surface.
VIII) Developed or Acquired Deformities and Conditions
A) Localized tooth related factors that modify or predispose to plaque induced
gingival disease, periodontitis
1) Anatomic factors
Example: DEVELOPMENT AT GROOVE ON PALATAL OF UPPER LATERAL INCISOR, RESULTING IN
PERIODONTAL BONE LOSS.
VIII) Developed or Acquired Deformities and Conditions (Continue)
For details
A) Localized tooth related factors that modify or predispose to plaque induced click on the
gingival disease, periodontitis books
2) Dental restorations
Example: OVER CONTOURED CROWNS. POORLY FITTING MARGINS

These photos show


gingivo-periodontal
reactions associated
with poorly fitting
margins of these over
contoured crowns.
VIII) Developed or Acquired Deformities and Conditions (Continue)
A) Localized tooth related factors that modify or predispose to plaque induced
gingival disease, periodontitis
3) Root fracture
Example: LONGITUDINAL FRACTURE

The left photo shows the


periodontal probe deep
into a palatal pocket. The
right photo shows a
vertical root fracture in
the lateral incisor. This
type of fracture has a
hopeless prognosis.
VIII) Developed or Acquired Deformities and Conditions (Continue)
B) Mucogingival deformities and conditions around teeth
1) Gingival soft tissue recession
a) Facial or lingual surfaces
Example: INADEQUATE BAND OF KERATINIZED GINGIVA

Gingival recession has occurred


due to an inadequate band of
keratinized gingiva, excessive
muscle pull and too vigorous
tooth brushing.
VIII) Developed or Acquired Deformities and Conditions (Continue)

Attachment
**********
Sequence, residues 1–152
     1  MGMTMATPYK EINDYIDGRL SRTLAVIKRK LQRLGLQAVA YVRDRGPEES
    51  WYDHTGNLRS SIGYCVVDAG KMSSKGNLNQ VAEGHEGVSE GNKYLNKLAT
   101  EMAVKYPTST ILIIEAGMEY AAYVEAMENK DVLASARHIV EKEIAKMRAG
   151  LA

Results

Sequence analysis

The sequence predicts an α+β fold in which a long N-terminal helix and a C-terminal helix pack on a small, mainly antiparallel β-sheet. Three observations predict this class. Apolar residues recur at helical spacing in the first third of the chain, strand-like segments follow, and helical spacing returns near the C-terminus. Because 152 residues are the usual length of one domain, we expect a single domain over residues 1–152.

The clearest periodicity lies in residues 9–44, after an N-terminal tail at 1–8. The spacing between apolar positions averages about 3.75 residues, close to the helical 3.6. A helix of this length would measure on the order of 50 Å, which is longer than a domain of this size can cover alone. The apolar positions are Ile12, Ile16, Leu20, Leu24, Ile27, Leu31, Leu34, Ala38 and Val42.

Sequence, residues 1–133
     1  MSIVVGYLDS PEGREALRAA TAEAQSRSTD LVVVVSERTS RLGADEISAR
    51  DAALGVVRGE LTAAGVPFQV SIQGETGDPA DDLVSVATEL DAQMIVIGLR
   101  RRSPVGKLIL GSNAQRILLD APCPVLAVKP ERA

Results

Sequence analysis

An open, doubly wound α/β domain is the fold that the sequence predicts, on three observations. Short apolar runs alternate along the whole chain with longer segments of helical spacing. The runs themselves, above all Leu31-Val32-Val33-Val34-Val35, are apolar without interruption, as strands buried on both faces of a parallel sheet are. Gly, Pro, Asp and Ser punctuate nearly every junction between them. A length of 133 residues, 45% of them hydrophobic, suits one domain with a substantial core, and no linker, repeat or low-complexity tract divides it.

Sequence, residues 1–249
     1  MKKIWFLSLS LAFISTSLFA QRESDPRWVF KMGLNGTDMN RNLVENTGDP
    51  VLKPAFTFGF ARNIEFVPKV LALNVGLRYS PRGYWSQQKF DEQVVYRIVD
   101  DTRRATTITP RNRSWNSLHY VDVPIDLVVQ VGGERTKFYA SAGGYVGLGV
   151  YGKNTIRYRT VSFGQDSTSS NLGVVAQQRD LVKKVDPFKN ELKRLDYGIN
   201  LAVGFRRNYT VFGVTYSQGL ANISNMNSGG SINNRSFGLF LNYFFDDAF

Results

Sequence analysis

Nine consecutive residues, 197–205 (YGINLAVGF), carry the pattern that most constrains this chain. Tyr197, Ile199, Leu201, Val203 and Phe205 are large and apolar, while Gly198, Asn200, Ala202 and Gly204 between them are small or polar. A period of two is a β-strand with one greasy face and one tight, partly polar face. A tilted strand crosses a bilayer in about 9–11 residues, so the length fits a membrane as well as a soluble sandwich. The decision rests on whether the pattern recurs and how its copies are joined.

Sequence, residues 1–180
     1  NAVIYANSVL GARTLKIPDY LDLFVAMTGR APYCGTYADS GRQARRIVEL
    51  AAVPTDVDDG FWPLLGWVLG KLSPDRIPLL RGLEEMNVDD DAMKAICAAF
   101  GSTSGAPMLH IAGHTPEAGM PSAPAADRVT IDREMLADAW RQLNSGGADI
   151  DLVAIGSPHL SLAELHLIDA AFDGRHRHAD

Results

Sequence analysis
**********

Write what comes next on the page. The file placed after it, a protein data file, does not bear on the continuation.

B) Mucogingival deformities and conditions around teeth
1) Gingival soft tissue recession
b) Interproximal papillary
Example: LOSS OF ANTERIOR PAPILLA

This gingival deformity is


associated with loss of
interproximal papillae.
VIII) Developed or Acquired Deformities and Conditions (Continue)
B) Mucogingival deformities and conditions around teeth
2) LACK OF KERATINIZED GINGIVA

The lack of keratinized gingiva


together with muscle pull has
caused on-going gingival
recession.
VIII) Developed or Acquired Deformities and Conditions (Continue)
B) Mucogingival deformities and conditions around teeth
3) DECREASED VESTIBULAR DEPTH

Inadequate keratinized gingiva


combined with excessive
muscle pull and decreased
vestibular depth has caused
progressive gingival recession.
VIII) Developed or Acquired Deformities and Conditions (Continue) For details click
on the books
B) Mucogingival deformities and conditions around teeth
4) ABERRANT FRENUM

An aberrant
frenum caused
excessive tension
on the gingival
margin and
resulted in
gingival
recession and
inflammation.
VIII) Developed or Acquired Deformities and Conditions (Continue)
B) Mucogingival deformities and conditions around teeth
5) Gingival excess
c) EXCESSIVE GINGIVAL DYSPLAY

This is an example of excessive


gingival display in upper anterior
teeth which results in an
unesthetic gummy smile.
VIII) Developed or Acquired Deformities and Conditions (Continue)
C) Mucogingival deformities and conditions on edentulous ridges
1) Vertical and/or horizontal ridge deformity
Example: RIDGE DEFORMITIES

This is an example of vertical


ridge deformity associated
with a previous tooth
extraction.
VIII) Developed or Acquired Deformities and Conditions (Continue)
C) Mucogingival deformities and conditions on edentulous ridges
1) Vertical and/or horizontal ridge deformity
Example: RIDGE DEFORMITIES

This is an example of horizontal


concave ridge deformity following
tooth extractions without
regenerative procedures using
bone graft materials
VIII Developed or Acquired Deformities and Conditions (Continued)
D. Occlusal trauma
1) Primary occlusal trauma
When trauma from occlusion is the result of alterations in
occlusal forces, it is called primary occlusal trauma.
2) Secondary occlusal trauma
When it results from reduced ability of the tissues to resist the
occlusal forces, it is known as secondary occlusal trauma.
This occurs when a tooth has lost bone support due to periodontitis
and there is normal occlusal force.